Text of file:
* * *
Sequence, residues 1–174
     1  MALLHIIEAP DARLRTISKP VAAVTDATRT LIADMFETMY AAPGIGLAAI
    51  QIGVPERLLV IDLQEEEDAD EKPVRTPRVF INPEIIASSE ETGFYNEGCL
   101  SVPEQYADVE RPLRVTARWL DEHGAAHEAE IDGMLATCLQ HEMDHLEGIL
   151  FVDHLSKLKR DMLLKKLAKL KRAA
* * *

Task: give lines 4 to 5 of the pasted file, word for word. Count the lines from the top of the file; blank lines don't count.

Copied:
   101  SVPEQYADVE RPLRVTARWL DEHGAAHEAE IDGMLATCLQ HEMDHLEGIL
   151  FVDHLSKLKR DMLLKKLAKL KRAA